Page Count: 320

Publisher: One World/Random House

Review Posted Online: April 28, 2019

Kirkus Reviews Issue: May 15, 2019

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A clear and candid contribution to an essential conversation.


Straight talk to blacks and whites about the realities of racism.

In her feisty debut book, Oluo, essayist, blogger, and editor at large at the Establishment magazine, writes from the perspective of a black, queer, middle-class, college-educated woman living in a “white supremacist country.” The daughter of a white single mother, brought up in largely white Seattle, she sees race as “one of the most defining forces” in her life. Throughout the book, Oluo responds to questions that she has often been asked, and others that she wishes were asked, about racism “in our workplace, our government, our homes, and ourselves.” “Is it really about race?” she is asked by whites who insist that class is a greater source of oppression. “Is police brutality really about race?” “What is cultural appropriation?” and “What is the model minority myth?” Her sharp, no-nonsense answers include talking points for both blacks and whites. She explains, for example, “when somebody asks you to ‘check your privilege’ they are asking you to pause and consider how the advantages you’ve had in life are contributing to your opinions and actions, and how the lack of disadvantages in certain areas is keeping you from fully understanding the struggles others are facing.” She unpacks the complicated term “intersectionality”: the idea that social justice must consider “a myriad of identities—our gender, class, race, sexuality, and so much more—that inform our experiences in life.” She asks whites to realize that when people of color talk about systemic racism, “they are opening up all of that pain and fear and anger to you” and are asking that they be heard. After devoting most of the book to talking, Oluo finishes with a chapter on action and its urgency. Action includes pressing for reform in schools, unions, and local governments; boycotting businesses that exploit people of color; contributing money to social justice organizations; and, most of all, voting for candidates who make “diversity, inclusion and racial justice a priority.”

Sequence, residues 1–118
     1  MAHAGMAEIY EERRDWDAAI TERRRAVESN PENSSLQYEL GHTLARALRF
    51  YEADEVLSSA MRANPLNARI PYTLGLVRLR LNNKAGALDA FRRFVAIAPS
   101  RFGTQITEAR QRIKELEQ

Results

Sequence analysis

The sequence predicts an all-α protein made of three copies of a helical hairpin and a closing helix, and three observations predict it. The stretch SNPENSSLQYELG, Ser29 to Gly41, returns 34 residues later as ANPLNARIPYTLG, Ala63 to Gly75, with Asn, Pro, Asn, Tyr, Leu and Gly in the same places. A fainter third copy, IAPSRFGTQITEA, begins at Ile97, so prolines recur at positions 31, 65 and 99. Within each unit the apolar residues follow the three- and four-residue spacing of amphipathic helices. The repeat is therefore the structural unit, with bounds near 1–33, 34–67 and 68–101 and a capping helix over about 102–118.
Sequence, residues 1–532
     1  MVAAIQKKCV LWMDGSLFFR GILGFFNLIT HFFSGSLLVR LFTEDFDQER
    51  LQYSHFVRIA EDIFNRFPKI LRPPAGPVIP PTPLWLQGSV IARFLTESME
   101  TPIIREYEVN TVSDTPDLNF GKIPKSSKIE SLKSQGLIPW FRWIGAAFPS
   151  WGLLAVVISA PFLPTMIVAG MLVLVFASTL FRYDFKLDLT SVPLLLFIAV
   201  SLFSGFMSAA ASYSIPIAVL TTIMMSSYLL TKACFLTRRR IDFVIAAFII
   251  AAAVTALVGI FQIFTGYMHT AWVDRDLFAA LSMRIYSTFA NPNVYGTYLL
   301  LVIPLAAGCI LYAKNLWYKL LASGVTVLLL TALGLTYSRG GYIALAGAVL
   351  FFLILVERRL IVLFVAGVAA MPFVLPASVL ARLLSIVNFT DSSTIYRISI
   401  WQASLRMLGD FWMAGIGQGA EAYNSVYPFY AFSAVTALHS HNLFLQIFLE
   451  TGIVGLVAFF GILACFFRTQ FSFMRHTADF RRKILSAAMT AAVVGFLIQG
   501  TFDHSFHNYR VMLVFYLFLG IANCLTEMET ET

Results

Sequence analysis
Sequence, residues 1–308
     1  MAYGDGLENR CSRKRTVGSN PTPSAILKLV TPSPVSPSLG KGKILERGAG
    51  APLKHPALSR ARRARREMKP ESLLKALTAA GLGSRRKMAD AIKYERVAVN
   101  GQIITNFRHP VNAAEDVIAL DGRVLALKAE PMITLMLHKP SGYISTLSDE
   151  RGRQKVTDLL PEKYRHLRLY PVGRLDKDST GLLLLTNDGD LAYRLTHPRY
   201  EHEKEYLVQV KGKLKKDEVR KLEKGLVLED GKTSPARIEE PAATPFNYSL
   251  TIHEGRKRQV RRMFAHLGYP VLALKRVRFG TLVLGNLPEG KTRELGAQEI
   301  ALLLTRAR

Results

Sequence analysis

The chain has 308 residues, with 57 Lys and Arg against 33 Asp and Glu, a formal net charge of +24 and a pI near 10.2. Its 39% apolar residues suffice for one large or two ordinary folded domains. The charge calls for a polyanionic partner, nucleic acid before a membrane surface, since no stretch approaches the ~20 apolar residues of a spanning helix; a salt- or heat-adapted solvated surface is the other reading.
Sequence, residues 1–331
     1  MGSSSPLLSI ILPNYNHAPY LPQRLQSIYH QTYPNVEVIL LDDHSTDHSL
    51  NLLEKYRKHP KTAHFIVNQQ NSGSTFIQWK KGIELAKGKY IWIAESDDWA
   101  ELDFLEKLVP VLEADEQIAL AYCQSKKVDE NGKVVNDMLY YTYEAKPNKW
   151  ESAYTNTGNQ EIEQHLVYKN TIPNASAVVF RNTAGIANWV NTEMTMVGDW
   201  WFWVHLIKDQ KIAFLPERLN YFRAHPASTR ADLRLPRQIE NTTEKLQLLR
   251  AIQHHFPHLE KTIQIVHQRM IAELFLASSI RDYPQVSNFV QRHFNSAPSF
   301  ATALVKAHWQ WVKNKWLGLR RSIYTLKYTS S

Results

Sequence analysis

A clear and candid contribution to an essential conversation.

Pub Date: Jan. 16, 2018

ISBN: 978-1-58005-677-9

Page Count: 256

Publisher: Seal Press

Review Posted Online: Oct. 9, 2017

Kirkus Reviews Issue: Nov. 1, 2017